Stolen from the Rime of the Ancient Mariner, the title to this post asks the question every sailor and seafarer has pondered when running short of fresh water on board: how ironic it is to be surrounded by water, but unable to drink any of it.
Of course that was in the days of wooden-hulled sailing ships, where the practice was to stock fresh water in barrels.
Modern ships use desalination plants which utilize excess power from their power generation systems to evaporate sea water before condensing it into water, minus the salt. Further treatment is still required to make the water drinkable, but the power required to perform that first step is where the prohibitive cost of commercial desalination plants sits.
Although not viable in South Africa in 2015, what with load shedding still looming large, drought solution debates always return to harnessing the massive reservoir of water contained in the globes seas and oceans. Some strides are being made to make the process of extracting potable water from the seas more affordable and efficient – this article by Hannah Furlong published in www.SustainableBrands.com on 30-Nov-2015:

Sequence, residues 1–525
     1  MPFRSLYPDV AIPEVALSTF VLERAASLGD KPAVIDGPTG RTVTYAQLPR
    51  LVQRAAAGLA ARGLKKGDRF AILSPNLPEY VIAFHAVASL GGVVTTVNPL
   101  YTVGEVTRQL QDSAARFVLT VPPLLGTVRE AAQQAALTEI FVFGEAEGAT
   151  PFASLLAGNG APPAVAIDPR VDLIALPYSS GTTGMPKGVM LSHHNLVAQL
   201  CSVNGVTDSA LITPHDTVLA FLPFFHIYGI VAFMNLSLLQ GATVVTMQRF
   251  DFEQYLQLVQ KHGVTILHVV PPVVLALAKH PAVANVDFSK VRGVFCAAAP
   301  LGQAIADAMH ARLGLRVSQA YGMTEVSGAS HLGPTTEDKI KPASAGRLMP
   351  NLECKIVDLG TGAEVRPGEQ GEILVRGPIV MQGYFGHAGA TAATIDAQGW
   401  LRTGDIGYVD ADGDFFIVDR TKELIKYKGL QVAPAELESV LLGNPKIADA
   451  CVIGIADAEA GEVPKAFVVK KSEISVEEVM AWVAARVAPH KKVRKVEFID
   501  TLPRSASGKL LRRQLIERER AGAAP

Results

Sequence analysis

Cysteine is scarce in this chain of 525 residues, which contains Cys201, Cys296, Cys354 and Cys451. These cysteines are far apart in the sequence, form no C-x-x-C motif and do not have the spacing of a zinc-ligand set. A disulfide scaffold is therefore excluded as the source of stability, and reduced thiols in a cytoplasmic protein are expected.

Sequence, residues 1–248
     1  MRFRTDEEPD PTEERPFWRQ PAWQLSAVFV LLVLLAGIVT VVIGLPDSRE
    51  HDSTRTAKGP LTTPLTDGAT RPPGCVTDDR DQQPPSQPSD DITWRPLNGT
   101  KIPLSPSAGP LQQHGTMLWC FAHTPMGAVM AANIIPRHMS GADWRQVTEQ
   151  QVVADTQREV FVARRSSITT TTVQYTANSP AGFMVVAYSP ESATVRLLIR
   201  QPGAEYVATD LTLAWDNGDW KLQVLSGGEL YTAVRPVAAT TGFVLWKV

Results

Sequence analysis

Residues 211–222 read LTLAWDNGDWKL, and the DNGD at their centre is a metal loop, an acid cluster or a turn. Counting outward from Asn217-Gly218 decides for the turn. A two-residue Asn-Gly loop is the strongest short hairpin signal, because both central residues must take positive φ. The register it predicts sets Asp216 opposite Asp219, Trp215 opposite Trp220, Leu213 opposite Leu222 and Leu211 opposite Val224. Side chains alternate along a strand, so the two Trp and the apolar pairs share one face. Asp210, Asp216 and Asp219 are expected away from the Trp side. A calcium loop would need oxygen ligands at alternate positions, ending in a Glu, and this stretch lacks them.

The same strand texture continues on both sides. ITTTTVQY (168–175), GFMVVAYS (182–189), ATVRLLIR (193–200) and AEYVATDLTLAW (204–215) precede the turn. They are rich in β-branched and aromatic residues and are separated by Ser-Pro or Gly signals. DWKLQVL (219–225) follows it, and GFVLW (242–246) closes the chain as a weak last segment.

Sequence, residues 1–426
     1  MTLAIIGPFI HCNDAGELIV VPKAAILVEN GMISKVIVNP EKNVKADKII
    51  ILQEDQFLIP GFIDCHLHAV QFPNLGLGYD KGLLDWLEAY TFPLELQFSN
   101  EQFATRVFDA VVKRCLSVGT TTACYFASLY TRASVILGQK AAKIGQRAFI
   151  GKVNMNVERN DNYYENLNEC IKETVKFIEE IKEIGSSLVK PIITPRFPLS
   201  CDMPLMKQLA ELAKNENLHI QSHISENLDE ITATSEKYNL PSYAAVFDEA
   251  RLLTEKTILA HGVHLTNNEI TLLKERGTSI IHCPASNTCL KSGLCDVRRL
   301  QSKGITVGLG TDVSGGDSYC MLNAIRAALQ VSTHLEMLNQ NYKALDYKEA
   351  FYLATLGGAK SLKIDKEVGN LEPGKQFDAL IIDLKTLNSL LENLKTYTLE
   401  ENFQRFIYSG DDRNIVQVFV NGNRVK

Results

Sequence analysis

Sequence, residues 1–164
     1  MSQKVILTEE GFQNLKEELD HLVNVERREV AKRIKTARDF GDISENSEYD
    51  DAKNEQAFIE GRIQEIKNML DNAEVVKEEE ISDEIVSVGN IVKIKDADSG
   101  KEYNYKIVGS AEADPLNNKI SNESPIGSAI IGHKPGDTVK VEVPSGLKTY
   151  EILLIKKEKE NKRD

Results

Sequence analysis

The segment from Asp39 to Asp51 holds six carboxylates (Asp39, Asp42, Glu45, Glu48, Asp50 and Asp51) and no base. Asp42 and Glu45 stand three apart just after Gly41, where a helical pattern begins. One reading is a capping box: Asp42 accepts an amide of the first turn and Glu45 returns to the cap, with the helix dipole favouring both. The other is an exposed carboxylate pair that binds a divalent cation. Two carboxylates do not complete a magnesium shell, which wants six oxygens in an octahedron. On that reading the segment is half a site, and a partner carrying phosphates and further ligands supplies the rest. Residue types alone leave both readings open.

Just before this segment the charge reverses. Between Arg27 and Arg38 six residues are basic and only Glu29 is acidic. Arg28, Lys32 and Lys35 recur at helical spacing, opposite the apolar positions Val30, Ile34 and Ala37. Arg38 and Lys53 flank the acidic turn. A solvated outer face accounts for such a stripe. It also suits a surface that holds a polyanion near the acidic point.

GE Global Research and US Department of Energy (DOE) scientists are developing a small, extremely efficient desalination machine. The technology freezes saline water at a cost up to 20 percent lower than conventional thermal evaporation approaches, and with a much smaller product.
Douglas Hofer, a GE senior principal engineer and steam turbine specialist, and Vitali Lissianski, a GE chemical engineer, used the same miniaturized, 3D-printed turbo-machinery used in the steam turbines developed with the DOE for the new product.Hofer explained, “In traditional steam turbines, steam condenses and turns to water. We thought maybe the same principle could be applied to water desalination.”
The water desalination technology compresses and streams a mixture of air, salt and water through a hyper-cooling loop. The mixture freezes, naturally separating the salt in a solid crystal form and the water as ice.
“97.5 percent of the earth’s water supply is virtually inaccessible because water desalination is still too expensive and difficult to deploy at a large scale. By putting desalination ‘on ice,’ we hope to change that dynamic,” said Lissianski.